The material below began as notes I copied from the blackboard in Karl Jöreskog's factor analysis course at Princeton in 1970/71. Over the years I've added topics that appeared as Frequently Asked Questions in consulting and teaching.
This document outlines the phases of a factor analytic study and a number of the practical questions and issues that need to be addressed. As an outline, it does not go into much detail. Instead, you should consult one or more of these sources:
PRIORS
statement in
PROC FACTOR
).
PROC STANDARD
to set the means in each group to zero before computing correlations.)
Alternatively, code the group variable with dummy variables and examine
the correlations with the factor variables.
Rather than regarding c^{2}; as a formal test statistic, one should regard it as a badness of fit measure in the sense that large c^{2}; values correspond to bad fit and small values correspond to good fit. From this perspective, the statistical problem is not one of testing a given hypothesis (which may be considered false a priori), but rather one of fitting the model to the data to decide whether the fit is adequate or not. With greater N you can extract more statistically significant factors.
The c^{2}; measure is sensitive to sample size and very sensitive to departures from multivariate normality. Large sample sizes and departure from normality tend to increase c^{2}; over and above what can be expected due to misspecification of the model. (See CFA below for alternative measures).
A more reasonable way to use the c^{2} value is to compare the differences in c^{2}; to the differences in degrees of freedom as more factors are added to the model. A large drop in c^{2}; compared to the difference in d.f. indicates that the addition of one more factor represents a real improvement. A drop in c^{2}; close to the difference in d.f. indicates that the improvement in fit is obtained by 'capitalizing on chance', and the added factor may not have real significance or meaning.
 (1) 

The vague basis for the .3.4 rule of thumb appears to be this: With N=100, the minimum significant correlation at p< .05 is about 0.2. Doubling this gives 0.4. By this rule of thumb, interpreting a structure correlation of 0.3 as significant would require N>175.
Note that with very large sample sizes, loadings so small as to be uninterpretable may still be significant. This may be another reason for the popularity of 0.3 as an absolute minimum.

Note: For a LISREL factor analysis model to be identified, it is necessary to fix at least one loading on each factor to a nonzero value (e.g., 1.0) in order to fix the measurement scale of that factor.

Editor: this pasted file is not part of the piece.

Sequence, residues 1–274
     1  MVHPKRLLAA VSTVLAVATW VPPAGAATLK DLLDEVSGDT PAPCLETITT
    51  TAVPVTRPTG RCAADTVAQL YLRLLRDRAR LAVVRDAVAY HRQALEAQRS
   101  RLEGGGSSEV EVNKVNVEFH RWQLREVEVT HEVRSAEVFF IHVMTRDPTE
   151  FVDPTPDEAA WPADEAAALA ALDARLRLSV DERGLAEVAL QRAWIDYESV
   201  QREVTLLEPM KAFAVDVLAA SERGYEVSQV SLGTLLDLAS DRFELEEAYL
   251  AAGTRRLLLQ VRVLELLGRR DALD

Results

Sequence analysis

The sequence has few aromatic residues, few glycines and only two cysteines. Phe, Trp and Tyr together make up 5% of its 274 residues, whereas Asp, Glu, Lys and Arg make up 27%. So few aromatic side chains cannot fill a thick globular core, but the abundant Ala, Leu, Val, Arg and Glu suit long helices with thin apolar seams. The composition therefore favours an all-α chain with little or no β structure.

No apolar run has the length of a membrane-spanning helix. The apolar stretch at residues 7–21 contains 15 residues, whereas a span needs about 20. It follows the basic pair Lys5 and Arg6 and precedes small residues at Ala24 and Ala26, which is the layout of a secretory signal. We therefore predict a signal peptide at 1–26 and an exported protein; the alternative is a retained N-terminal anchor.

PROC CALIS
calls these
"Lagrange multiplier" tests. This index is the expected decrease
in c^{2}; if a single constraint in the hypothesis is relaxed, and all
estimated parameters are held fixed at their estimated values.
Each modification index is a c^{2} with 1 df, and the parameter with
the largest index will improve fit maximally. Relaxing parameters based on
the modification index is only recommended when the parameter(s) freed
make sense from a substantive point of view.
Similarly, the tvalues for each free parameter provide a test of the
hypothesis that the parameter equals 0. PROC CALIS
provides
a Wald test statistic as well, which is a 1 df c^{2}; value.
Both statistics evaluate whether a restriction (setting the parameter = 0)
can be imposed on the estimated model.
For example if H _{1} and H _{2} both specify the same factor pattern, but H _{1} fixes the factor correlations, F = I, while H _{2} allows factor correlations to be free, the c^{2}; difference is attributable to the correlations among the factors.

Goodness of fit index (GFI): A measure of the relative amount of variances and covariances accounted for by the model, and an adjusted goodness of fit value (AGFI), adjusted for degrees of freedom. Both measures are between 0 and 1, where 1=perfect fit. Unlike the c^{2}; , Jöreskog & Sorbom (1984) claim that both the GFI and AGFI index are independent of sample size and relatively robust against departure from normality. Their distributional properties are unknown, however, so there is no significance test associated with them.
It should be emphasized that the measures c^{2}, GFI, and AGFI are measures of the overall fit of the model to the data and do not express the quality of the model by any other criteria. For example, it can happen that the overall fit of the model is very good, but one or more relationships in the model is poorly determined (as indicated by the squared multiple correlations), or vice versa. Furthermore, if any of the overall measures indicates that the model does not fit well, that fact does not tell what is wrong with the model. Diagnosing what part of the model is wrong can be done by inspecting the normalized residuals (which correlations are not well fit?) and/or the modification indices (which fixed parameters might be relaxed?).
Of all available software, only AMOS provides these model comparison statistics automatically when you fit a series of models. My CALISCMP macro provides similar model comparison statistics for a set of models fit using PROC CALIS.
Good luck!
© 1995 Michael Friendly
Author: Michael Friendly